What is PICSI?
(Image 1) Sperm selection using PICSI dishes.
(A) A sperm drop is placed at the periphery of a HA drop, mature sperm binds to the HA-spot, while immature sperm moves freely.
(B) Bound sperm could be picked up with the ICSI pipette. (Jakab et al., 2005)
Advantages of using PICSI:
- Spermatozoa bound to hyaluronic acid (HA) have demonstrated lower levels of DNA fragmentation in comparison to spermatozoa prepared through density gradient centrifugation (DGC) and spermatozoa found in raw semen sample.
- The probability of enhancing a sperm population to the point where it encompasses >14% morphologically normal sperm was projected to increase 3 times after undergoing selection through HA binding.2
- Among semen samples collected from men undergoing fertility evaluations, spermatozoa bound by HA exhibited a notably reduced occurrence of autosomal disomy, diploidy, and sex chromosome disomy when compared to spermatozoa that were not subjected to HA binding selection.2
Disadvantages of using PICSI:
- It's crucial to emphasize that incorporating this additional step during the ICSI procedure will demand the embryologists to allocate extra time since the process of sperm binding alone may extend up to 30 minutes, which could present a challenge when dealing with a substantial quantity of oocytes during injection.
- The use of PICSI does not show superiority over standard ICSI in terms of enhancing the likelihood of achieving a live birth at full term, even though it does lead to a decrease in miscarriage rates.1
Who is PICSI recommended for?
- Males with high sperm DNA fragmentation.
- Patients with poor embryo quality.
- Patients with history of less or no fertilization rate.
- Patients with repeated implantation failure.
- Patients who have undergone recurrent miscarriages.
Difference between IVF, ICSI and PICSI:
The widely employed technique in the field of ART is intracytoplasmic sperm injection (ICSI), either conventional or modified. However, in this process, the selection of sperm is based on subjective judgment by the embryologist, who chooses, based on their own criteria, the spermatozoa that appear best at low resolution. This effectively bypasses the natural selection process. Consequently, there is an increased risk of congenital abnormalities and miscarriages, as it is impossible to ascertain whether the selected spermatozoa have anomalies in their nucleus or if there is DNA fragmentation.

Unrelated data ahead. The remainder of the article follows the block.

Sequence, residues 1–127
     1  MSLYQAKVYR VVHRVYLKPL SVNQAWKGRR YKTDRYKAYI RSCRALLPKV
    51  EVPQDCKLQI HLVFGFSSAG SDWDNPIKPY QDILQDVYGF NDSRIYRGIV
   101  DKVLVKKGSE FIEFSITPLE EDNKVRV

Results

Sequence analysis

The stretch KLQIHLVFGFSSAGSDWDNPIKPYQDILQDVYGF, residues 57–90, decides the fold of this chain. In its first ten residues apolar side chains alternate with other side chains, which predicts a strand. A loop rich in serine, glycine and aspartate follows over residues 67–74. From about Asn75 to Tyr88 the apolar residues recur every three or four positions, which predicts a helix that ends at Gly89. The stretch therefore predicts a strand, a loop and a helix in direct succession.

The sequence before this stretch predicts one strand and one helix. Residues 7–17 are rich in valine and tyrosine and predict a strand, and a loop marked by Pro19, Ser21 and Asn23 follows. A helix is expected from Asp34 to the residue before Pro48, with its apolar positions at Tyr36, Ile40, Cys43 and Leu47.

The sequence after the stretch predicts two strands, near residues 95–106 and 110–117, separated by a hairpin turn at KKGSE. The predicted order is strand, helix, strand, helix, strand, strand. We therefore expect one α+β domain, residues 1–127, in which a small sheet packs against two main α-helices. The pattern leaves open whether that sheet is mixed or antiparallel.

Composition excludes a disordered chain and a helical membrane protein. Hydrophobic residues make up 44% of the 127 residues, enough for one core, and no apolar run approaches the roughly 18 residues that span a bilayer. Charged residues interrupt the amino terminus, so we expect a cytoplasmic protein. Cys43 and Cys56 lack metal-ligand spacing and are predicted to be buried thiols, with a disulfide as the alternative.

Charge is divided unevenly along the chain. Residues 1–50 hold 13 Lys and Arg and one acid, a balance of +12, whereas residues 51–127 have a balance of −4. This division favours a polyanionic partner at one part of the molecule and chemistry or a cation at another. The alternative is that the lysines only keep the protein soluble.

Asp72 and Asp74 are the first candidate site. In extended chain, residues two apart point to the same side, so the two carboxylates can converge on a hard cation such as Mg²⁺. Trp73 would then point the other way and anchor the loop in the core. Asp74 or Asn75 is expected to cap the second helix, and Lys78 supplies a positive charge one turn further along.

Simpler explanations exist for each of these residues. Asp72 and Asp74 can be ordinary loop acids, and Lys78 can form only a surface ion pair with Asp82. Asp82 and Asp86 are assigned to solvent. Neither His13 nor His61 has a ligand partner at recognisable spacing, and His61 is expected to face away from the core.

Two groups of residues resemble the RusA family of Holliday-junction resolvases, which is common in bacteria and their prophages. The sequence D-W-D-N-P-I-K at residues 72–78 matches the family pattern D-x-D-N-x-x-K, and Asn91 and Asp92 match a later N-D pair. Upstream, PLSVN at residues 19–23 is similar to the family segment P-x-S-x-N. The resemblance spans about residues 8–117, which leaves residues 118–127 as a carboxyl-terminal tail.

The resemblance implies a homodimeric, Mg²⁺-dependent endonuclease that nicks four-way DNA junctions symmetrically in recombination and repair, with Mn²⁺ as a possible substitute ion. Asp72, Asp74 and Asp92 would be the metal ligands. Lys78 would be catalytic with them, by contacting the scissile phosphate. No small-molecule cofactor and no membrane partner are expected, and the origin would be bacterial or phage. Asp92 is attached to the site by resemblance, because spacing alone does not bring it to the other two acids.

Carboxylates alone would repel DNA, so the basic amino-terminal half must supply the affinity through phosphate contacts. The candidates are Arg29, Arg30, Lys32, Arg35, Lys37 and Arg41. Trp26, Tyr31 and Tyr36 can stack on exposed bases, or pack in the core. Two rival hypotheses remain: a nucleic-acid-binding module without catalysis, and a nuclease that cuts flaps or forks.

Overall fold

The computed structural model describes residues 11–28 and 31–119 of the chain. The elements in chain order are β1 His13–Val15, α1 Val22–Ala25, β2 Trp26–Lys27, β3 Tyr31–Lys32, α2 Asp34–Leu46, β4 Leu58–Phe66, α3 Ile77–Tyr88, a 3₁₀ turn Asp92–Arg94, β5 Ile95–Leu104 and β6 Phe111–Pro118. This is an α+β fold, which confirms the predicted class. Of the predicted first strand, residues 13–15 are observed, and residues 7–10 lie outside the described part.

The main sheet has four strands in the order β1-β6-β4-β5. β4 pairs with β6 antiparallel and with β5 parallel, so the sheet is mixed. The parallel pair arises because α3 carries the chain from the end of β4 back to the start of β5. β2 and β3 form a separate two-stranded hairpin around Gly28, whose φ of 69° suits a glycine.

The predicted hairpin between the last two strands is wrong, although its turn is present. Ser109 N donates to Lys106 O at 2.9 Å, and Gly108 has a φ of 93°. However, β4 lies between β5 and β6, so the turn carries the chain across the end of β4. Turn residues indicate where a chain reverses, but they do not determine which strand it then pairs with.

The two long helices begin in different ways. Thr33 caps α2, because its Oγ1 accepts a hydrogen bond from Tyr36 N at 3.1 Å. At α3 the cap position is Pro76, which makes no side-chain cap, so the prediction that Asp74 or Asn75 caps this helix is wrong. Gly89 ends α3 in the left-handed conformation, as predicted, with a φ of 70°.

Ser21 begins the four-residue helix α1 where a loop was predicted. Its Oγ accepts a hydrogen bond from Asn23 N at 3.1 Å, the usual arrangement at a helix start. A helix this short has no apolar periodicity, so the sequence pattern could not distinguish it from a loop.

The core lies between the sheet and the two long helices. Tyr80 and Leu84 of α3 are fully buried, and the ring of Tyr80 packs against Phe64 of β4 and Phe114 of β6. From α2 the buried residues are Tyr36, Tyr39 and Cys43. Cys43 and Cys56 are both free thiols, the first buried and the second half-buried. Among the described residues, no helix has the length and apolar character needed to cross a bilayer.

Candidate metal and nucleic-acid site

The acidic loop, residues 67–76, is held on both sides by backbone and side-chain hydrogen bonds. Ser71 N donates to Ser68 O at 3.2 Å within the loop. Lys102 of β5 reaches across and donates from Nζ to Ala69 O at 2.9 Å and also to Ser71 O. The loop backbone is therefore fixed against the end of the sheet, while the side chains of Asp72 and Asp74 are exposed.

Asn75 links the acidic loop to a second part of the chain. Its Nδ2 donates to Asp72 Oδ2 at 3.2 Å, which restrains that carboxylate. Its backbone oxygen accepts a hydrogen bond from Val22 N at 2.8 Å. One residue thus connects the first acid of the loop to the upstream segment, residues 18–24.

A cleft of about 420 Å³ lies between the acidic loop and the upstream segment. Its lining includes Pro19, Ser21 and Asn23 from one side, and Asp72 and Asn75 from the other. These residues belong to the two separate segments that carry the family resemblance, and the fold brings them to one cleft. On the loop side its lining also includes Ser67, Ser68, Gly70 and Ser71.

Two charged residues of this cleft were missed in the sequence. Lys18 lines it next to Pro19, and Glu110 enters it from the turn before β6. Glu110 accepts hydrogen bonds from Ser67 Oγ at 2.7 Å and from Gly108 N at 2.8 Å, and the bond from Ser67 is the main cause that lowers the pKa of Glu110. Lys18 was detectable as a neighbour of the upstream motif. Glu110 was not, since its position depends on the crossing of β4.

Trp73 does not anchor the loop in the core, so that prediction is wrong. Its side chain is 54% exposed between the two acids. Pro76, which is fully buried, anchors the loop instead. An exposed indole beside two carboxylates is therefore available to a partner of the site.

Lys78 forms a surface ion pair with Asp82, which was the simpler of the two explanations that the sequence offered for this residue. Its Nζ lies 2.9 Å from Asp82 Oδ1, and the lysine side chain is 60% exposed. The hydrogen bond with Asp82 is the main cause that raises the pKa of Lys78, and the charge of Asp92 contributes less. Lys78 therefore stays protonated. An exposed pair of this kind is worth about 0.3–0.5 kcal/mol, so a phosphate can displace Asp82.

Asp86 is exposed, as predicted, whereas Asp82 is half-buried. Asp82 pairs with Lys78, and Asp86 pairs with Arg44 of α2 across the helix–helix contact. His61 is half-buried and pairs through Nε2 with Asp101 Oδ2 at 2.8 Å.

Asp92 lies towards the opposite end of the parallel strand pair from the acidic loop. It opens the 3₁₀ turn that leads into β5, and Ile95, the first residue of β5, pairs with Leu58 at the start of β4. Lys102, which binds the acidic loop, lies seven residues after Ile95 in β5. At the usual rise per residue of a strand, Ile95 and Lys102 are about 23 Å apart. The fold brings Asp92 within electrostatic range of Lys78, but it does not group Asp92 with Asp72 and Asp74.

Hence, the physiological ICSI technique arose (PICSI - physiologically selected intracytoplasmic sperm injection).3
Research has demonstrated that by using PICSI technique, spermatozoa exhibiting binding to HA exhibit completed spermatogenic processes, including plasmatic membrane remodelling, cytoplasmic extrusion, and nuclear maturation. Consequently, they possess intact DNA with a reduced incidence of aneuploidies and miscarriages. This implies that the genomic contribution of these spermatozoa to the resulting zygotes can be likened to those selected by the cumulus oophorous during natural fertilization.
The PICSI technique allows for the selection of spermatozoa based on their physiological binding capacity, enhancing the likelihood of successful fertilization and healthy embryo development. Studies have shown promising outcomes, with improved pregnancy rates and reduced risks of chromosomal abnormalities. However, it is important to note that implementing PICSI may require additional time and resources, particularly in cases involving many oocytes. Overall, the integration of PICSI into ART protocols holds great potential for further improving the success rates of fertility treatments, offering renewed hope to individuals and couples seeking to achieve their reproductive goals.
1.Miller, David; Pavitt, Susan; Sharma, Vinay; Forbes, Gordon; Hooper, Richard; Bhattacharya, Siladitya; Kirkman-Brown, Jackson; Coomarasamy, Arri; Lewis, Sheena; Cutting, Rachel; Brison, Daniel; Pacey, Allan; West, Robert; Brian, Kate; Griffin, Darren; Khalaf, Yakoub (2019). Physiological, hyaluronan-selected intracytoplasmic sperm injection for infertility treatment (HABSelect): a parallel, two-group, randomised trial. The Lancet, 393(10170), 416–422.
2.Said, T. M., & Land, J. A. (2011). Effects of advanced selection methods on sperm quality and ART outcome: a systematic review. Human Reproduction Update, 17(6), 719–733.
3.Avalos-Durán, G., Ángel, A. M. E. C.-D., Rivero-Murillo, J., Zambrano-Guerrero, J. E., Carballo-Mondragón, E., & Checa-Vizcaíno, M. Á. (2018). Physiological ICSI (PICSI) vs. conventional ICSI in couples with male factor: A systematic review. JBRA Assisted Reproduction.